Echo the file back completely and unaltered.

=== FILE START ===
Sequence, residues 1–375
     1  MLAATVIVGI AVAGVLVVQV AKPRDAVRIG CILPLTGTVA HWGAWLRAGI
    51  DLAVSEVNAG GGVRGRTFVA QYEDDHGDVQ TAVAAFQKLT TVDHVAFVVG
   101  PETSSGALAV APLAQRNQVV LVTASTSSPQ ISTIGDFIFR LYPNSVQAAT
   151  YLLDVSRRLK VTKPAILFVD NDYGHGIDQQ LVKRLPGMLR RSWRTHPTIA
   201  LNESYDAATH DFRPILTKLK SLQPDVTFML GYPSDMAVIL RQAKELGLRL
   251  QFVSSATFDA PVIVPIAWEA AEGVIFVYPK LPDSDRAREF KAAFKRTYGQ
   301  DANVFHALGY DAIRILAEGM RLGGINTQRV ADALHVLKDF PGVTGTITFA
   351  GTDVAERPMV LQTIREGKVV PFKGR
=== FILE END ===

Sequence, residues 1–375
     1  MLAATVIVGI AVAGVLVVQV AKPRDAVRIG CILPLTGTVA HWGAWLRAGI
    51  DLAVSEVNAG GGVRGRTFVA QYEDDHGDVQ TAVAAFQKLT TVDHVAFVVG
   101  PETSSGALAV APLAQRNQVV LVTASTSSPQ ISTIGDFIFR LYPNSVQAAT
   151  YLLDVSRRLK VTKPAILFVD NDYGHGIDQQ LVKRLPGMLR RSWRTHPTIA
   201  LNESYDAATH DFRPILTKLK SLQPDVTFML GYPSDMAVIL RQAKELGLRL
   251  QFVSSATFDA PVIVPIAWEA AEGVIFVYPK LPDSDRAREF KAAFKRTYGQ
   301  DANVFHALGY DAIRILAEGM RLGGINTQRV ADALHVLKDF PGVTGTITFA
   351  GTDVAERPMV LQTIREGKVV PFKGR